[Note: In doing a websearch on Wellspring, I discovered an upcoming conference of note: Neuroscience and Spiritual Practice: an “interreligious” conference at Claremont School of Theology in California. Among the speakers is Fr. Thomas Keating, who I’ve heard good things about.]

Positive experiences – our brain & body tend toward “teflon”, i.e. the good (the grace?) “slides off” of us if not allowed to penetrate

Negative- brain operates more like “velcro”:  negative experiences & pain grabs much more easily onto brain’s bio-chemical “hooks”, unless these experiences are transformed or re-wired for usefulness

Therefore, to raise your “happiness setpoint” -learn to register the postives, move experience (esp. positive ones) from short-term memory to deeper or more permanent long-term memory, move simply from firing (chemical movement between neurons) to wiring (creating new synaptic connections that are permanent)

“firing but not wiring” – synapses are always “going off” or firing. But cognition (esp. through meditation, or higher and sustained attention) has the potential to use those firing moments to literally rewire the brain; we can re-organize bio-chemical and physical connections between neurons into new thought patterns and behaviors. You’re wiring the moment into permanent memory and useful learning (hopefully of useful skills, since learning the “bad” patterns happens in much the same way, unless those experiences and patterns are transformed).

Mariel Hemingway interviewed -re: the Hemingway curse – legacy of suicide & mental illness, she had to re-teach herself. She had to learn both to listen, and to stop listening, to various internal and historical voices. Her recovery was about re-connecting with her true self, being present in the moment and rising above those internal storms that she was subject to.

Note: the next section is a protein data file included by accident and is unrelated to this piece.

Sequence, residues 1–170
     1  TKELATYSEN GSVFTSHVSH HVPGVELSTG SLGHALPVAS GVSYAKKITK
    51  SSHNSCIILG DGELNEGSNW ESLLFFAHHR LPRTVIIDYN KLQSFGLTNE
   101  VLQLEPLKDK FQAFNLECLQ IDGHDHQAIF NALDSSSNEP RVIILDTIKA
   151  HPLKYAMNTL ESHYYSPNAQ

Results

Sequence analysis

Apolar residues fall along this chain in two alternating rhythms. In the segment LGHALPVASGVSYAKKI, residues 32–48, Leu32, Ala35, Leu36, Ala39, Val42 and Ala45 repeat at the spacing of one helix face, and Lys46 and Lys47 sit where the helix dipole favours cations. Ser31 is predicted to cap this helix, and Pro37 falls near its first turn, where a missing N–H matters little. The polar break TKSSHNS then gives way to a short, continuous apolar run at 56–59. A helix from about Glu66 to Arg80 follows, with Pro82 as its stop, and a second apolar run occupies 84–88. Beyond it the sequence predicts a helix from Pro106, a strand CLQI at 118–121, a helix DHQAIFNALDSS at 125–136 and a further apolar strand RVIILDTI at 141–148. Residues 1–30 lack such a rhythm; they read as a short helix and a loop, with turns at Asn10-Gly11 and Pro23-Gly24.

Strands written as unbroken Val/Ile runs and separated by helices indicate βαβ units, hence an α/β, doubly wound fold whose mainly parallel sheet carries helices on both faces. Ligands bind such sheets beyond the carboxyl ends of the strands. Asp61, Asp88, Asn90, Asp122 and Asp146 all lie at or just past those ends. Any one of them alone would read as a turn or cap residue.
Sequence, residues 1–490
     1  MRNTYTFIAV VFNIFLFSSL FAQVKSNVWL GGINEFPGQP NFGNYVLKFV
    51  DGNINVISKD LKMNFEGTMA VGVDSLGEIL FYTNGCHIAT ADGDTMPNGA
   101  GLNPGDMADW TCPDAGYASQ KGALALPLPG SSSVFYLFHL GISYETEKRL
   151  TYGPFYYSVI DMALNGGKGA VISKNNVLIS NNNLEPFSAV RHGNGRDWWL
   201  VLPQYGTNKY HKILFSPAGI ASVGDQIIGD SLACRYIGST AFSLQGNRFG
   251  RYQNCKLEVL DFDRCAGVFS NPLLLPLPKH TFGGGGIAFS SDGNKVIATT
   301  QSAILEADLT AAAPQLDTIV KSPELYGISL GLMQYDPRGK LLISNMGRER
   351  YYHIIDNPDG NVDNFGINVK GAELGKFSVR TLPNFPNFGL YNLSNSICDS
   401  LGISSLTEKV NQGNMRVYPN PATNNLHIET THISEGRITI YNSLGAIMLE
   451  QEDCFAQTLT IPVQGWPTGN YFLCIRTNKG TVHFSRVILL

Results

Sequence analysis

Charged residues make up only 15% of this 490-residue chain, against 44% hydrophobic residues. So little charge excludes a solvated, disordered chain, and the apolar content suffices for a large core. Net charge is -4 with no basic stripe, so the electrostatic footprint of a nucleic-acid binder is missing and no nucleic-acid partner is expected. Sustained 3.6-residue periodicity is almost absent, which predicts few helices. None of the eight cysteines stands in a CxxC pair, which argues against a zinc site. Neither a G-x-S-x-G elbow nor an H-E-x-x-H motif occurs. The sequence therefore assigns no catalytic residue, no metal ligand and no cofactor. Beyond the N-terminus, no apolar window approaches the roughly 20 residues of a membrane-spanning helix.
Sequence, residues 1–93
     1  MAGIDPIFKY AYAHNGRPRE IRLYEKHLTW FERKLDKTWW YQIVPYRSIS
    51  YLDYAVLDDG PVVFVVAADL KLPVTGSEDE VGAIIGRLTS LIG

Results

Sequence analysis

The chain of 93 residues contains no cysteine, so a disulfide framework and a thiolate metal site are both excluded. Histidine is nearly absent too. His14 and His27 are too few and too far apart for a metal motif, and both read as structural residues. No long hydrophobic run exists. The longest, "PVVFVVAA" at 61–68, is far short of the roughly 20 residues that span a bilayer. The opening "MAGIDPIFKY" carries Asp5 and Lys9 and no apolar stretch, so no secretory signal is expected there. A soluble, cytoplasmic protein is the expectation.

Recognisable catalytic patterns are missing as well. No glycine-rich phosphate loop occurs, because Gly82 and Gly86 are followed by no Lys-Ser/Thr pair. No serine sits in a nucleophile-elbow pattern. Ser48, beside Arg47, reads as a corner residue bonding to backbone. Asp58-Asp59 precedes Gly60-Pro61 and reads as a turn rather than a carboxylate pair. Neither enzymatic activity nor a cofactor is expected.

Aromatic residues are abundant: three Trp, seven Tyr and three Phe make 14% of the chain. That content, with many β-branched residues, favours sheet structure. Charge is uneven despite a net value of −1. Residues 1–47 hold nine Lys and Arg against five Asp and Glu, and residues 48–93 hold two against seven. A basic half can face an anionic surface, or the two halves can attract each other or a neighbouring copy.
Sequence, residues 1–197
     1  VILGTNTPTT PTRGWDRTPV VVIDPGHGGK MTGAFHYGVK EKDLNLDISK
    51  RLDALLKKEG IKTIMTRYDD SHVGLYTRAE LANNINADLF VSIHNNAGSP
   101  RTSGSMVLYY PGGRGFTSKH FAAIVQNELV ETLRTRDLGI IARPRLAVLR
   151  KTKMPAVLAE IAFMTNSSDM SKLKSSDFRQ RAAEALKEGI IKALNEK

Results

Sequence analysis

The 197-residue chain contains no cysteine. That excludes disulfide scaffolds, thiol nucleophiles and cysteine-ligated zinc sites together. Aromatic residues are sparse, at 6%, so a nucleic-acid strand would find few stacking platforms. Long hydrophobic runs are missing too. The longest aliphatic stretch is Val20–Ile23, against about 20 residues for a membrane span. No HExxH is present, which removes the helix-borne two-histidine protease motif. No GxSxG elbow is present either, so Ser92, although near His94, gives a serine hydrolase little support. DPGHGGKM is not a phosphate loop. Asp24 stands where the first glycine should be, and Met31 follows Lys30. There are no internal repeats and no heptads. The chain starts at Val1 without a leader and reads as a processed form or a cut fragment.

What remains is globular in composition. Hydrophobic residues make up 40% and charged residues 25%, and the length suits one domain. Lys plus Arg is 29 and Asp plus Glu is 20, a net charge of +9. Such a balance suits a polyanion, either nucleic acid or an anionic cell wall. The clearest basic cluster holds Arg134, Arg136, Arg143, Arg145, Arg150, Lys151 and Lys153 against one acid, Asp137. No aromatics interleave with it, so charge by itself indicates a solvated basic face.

Shimoff – Author of Happy for No Reason (CD, DVD, Hardcover book, course (CD-ROM or workbook?), daily booster kit, and (heart map) quick coherence coach – the PBS pledge person called the materials a “mind spa” or retreat

Regular meditation leads to physical transformation in the brain – compassion meditation increases the connections in the Insula, a sort of body map area- related to brain-body connection; stillness of meditation actually changes some of brain’s motor centers (preparation to “act”)

30 minutes of training a day, for two weeks, produces measurable changes in the brain AND increased compassion

connecting to purpose – richard nelson bowles (Happiness= my deep gladmess meeting the world’s deep need.) …and the “universe” cooperates with you. I have not read Rick Warren’s “Purpose Driven Life”, but I suspect he’s working from many of the same principles, but rooted in Jesus’ example and church history.

Is happiness our “default” brain position? Whether the answer is yes or no, a better connection to who we are, our essence, is always a move toward happiness. Because we are made in God’s image, so knowing our True Self is to get to know God in a new way.

Shimoff’s Seven Steps to Happiness (the habits of happiness)

Step 1- Take responsibility for your own happiness. (Change bad habits incrementally. Don’t get stuck in cycles of blame. Related to recieving things as a victim, or as hero of your own life… a choice in how we tell ourselves and others the story of our lives.)

2- Practice forgiveness – conditions of happiness include compassion, tolerance

3- Express gratitude.

4- Don’t believe everything you think.

5- Practice mindfulness and meditation. (Like physical exercise, mental/spiritual well-being requires working out the brain & biochemical/spiritual states).

6- Live a life inspired by purpose. (Do things on purpose, focus, align self with a purpose)

Step 7 – Cultivate nourishing relationships.

Metaphor: building a home. eg mind heart body soul – four corners of the house, roof=purpose, garden = people around you -correlates to the seven steps above

e.g. Masai tribe in Africa – needy from a material perspective, yet as happy as Westerners. Why?

Book- “Spiritual Evolution” – I missed the author’s name, but the title alone points toward the convergence of spirituality and science in the twenty first century.

“social contagion” – transmission of idea or emotion to others, but this idea was not scientifically backed up in the video.

Shimoff suggests, when one tries out the 7 habits, get a “happiness buddy”, like a workout buddy.

Happy for No Reason materials feature a PARALIMINAL CD – One of the big buzzwords in Men’s Rites of Passage and in Father Rohr’s books is “liminal space”. It’s a reference to edges, places of spiritual openness and learning, or transitional spaces. Being in liminal space makes possible being able to receive or see the sacred, even in the ordinary.